Want to go?
WHAT: “Woody – His Life, Times and Teachings”
WHEN: 2 p.m. Sunday, Oct. 14
WHERE: Sandusky State Theatre, 107 Columbus Ave., Sandusky
INFO: 419-626-1950 or visit www.sanduskystate.com
In the pantheon of great coaches, former Ohio State University Football Coach Woody Hayes belongs next to college basketball’s John Wooden and the NFL’s Vince Lombardi.
However, it’s been nearly 35 years since Hayes last led the Buckeyes on the gridiron. While NCAA historians won’t forget the iconic bespectacled leader, there are younger generations that truly don’t understand what the tough-as-nails leader was all about. Hoping to keep his story alive is Walt Adamkosky, who wrote the one-man show “Woody – His Life, Times and Teachings.”
The Scarlet and Gray production makes its Sandusky debut at 2 p.m. Oct. 14 at the Sandusky State Theatre. Funcoasts talked to the semi-retired advertising agency owner-turned-playwright about this brand new production and what he learned about the beloved O-H-I-O coach.
Funcoast: How exactly did you come to write “Woody – His Life, Times and Teachings.”
Walt Adamkosky (WA): It started years ago. I was teaching at OSU as an adjunct. They had just changed one of the streets by the stadium to Woody Hayes Drive. I asked my students what they knew about Woody Hayes. He was still alive at the time and had only been gone from the university for four years. He was still very much a presence. These kids didn’t know who he was, and after a long awkward silence they said, “Isn’t he the guy who hit that kid?” I thought, ‘Oh no. We have to do something about this.’ I was really afraid we were going to lose this man to history and have his legacy be the guy that punched the player in the Gator Bowl. He was so much more than that.
Funcoast: What does Woody Hayes mean to you?
WA: Woody started at Ohio State University in the year I was born . He was like as much a part of our life in Columbus and even more so than the mayor and governor because they changed and Woody didn’t. In addition to teaching as an adjunct, I worked for a PR firm that had done the [PR for the] football and basketball program for Ohio State, I went to school there and grew up there. I’m a Buckeye.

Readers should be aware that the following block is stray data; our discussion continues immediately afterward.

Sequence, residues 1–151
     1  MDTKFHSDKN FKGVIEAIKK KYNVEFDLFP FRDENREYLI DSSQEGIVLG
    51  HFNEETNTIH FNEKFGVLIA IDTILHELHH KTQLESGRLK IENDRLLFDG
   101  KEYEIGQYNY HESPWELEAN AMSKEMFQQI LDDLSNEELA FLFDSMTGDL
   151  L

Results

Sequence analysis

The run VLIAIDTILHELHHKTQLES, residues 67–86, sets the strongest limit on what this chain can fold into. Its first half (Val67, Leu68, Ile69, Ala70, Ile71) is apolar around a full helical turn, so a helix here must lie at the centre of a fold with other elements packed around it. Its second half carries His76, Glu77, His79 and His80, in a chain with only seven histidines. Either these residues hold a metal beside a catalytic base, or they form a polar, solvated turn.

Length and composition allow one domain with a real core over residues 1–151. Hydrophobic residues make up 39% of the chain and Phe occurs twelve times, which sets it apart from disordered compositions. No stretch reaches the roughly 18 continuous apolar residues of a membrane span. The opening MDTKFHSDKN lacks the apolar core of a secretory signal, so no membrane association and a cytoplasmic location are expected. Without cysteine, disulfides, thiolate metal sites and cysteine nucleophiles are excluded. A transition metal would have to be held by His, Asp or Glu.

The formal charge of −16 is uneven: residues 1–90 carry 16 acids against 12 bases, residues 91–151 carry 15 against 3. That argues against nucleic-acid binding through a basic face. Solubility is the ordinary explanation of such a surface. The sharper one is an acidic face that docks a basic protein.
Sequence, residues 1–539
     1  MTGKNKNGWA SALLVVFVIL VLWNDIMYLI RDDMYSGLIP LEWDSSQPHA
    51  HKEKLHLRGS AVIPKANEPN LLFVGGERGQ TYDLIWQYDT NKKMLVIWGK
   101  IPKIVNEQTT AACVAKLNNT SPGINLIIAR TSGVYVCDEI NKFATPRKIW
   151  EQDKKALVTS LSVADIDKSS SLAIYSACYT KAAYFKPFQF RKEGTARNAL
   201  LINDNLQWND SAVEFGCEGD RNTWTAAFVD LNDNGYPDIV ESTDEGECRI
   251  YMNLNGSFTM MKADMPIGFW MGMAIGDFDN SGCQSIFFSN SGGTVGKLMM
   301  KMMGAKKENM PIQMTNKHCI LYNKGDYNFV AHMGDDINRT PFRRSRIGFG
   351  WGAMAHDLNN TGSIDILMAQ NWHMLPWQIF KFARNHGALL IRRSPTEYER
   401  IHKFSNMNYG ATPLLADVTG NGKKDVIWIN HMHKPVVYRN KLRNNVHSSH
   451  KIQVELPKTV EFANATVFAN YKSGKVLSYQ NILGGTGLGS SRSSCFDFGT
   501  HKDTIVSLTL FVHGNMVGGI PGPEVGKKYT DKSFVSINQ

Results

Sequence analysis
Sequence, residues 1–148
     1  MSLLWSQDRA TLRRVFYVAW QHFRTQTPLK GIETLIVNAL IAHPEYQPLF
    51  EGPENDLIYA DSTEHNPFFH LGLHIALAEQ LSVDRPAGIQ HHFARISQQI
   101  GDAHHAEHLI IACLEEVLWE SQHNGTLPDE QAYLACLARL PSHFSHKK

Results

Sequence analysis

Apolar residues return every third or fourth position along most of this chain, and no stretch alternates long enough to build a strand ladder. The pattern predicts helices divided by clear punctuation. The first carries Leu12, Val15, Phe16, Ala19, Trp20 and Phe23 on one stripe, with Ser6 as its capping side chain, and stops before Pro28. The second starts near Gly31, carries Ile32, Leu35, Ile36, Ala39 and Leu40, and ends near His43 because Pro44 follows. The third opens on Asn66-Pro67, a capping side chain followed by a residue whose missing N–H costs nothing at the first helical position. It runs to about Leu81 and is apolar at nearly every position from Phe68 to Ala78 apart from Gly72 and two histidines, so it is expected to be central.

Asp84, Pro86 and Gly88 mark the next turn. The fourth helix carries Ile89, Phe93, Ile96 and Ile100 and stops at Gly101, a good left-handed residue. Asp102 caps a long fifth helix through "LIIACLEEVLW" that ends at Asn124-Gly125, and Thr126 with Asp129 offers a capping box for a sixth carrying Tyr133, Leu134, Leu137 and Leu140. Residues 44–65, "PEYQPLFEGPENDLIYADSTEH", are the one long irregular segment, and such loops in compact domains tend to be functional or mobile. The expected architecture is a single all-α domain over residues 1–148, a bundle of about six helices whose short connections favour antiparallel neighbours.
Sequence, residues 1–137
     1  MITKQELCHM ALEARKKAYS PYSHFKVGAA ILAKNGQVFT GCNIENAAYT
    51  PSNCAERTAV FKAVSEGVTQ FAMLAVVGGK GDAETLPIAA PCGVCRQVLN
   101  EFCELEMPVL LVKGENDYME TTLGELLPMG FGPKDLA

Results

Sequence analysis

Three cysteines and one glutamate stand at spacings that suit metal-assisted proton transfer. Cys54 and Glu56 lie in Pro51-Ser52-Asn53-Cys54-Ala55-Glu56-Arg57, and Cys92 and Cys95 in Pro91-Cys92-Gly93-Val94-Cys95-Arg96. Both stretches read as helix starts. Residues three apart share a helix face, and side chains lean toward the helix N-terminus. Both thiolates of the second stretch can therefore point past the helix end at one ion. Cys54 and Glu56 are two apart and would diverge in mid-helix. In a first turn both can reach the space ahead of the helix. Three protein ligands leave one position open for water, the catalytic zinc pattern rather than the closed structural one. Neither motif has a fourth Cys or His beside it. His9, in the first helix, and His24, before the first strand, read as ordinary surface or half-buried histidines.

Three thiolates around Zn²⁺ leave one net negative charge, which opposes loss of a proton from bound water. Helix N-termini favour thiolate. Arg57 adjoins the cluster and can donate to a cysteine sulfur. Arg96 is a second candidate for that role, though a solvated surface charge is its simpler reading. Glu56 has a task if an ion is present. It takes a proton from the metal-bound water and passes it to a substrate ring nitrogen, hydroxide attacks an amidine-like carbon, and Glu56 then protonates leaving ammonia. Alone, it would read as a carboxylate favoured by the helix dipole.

Funcoast: After deciding to write his legacy, how did you go about your research?
WA: My brother-in-law Alan Jack was on the 1968 national championship team, and a good friend of mine was John Hicks who opened the holes for Archie [Griffin]. I started with them and said, “Who else should I talk to?” But life got in the way. I had a family. Then three years ago my ad agency closed and I decided to write a play. I had 50 to 60 hours of interviews with coaches and players.
Funcoast: What did you learn about Hayes?
WA: The main thing that surprises people is that if you were to ask Woody what he was, the first thing he would probably say is not football coach. The main thing about Woody is that he was a teacher and his goal in life was the development of young people into productive members of society. Or what he called successful people. Which wasn’t money, it was being a successful contributing member of society. And football just happened to be his medium. The field happened to be his classroom. And the whole show is built around his principals of hard work, education and pay-it-forward. Everything always came back to that. Those are his three pillars of success, if you will. This is what the man was really about. That surprises people because they think he was this blustery, rough and tumble football coach, and he really thought of himself as more of a teacher.
Funcoast: After the show debuted last year at Columbus’ Ohio Theatre, what did audiences say?
WA: As a writer, you’re always slightly terrified when you put something that is so much of yourself out there. The reviews we got were truly overwhelming. We had one coach there who went to all four performances. He coached with Woody and hadn’t been in Columbus since Woody’s funeral. At every performance he cried. He came up to me and hugged me and said, “Thanks for letting me have an evening with my friend again.” Players were in tears. They said you really nailed him. Also, Woody’s family was overwhelming in their response.
Funcoast: Do some people think it’s nothing more than a gooey evening of Ohio State Football love?
WA: It’s really not. People ask if it’s a play or a motivational speech or a lecture. And the answer is yes. It’s funny. These values he promotes are timeless and they’re maybe even more pertinent now.
Funcoast: Finally in the spirit of Woody, who stressed being on time was actually being late, should theatergoers get in their seats early at the upcoming show?
WA: We have some surprises. [Pause] You can be there on time but I would make darn sure I wasn’t late getting into my seat.
“Woody – His Life, Times and Teachings” takes place at 2 p.m. Oct. 14 at the Sandusky State Theatre, 107 Columbus Ave., Sandusky. Tickets are $15 to $35. For more information, call 419-626-1950 or visit www.sanduskystate.com.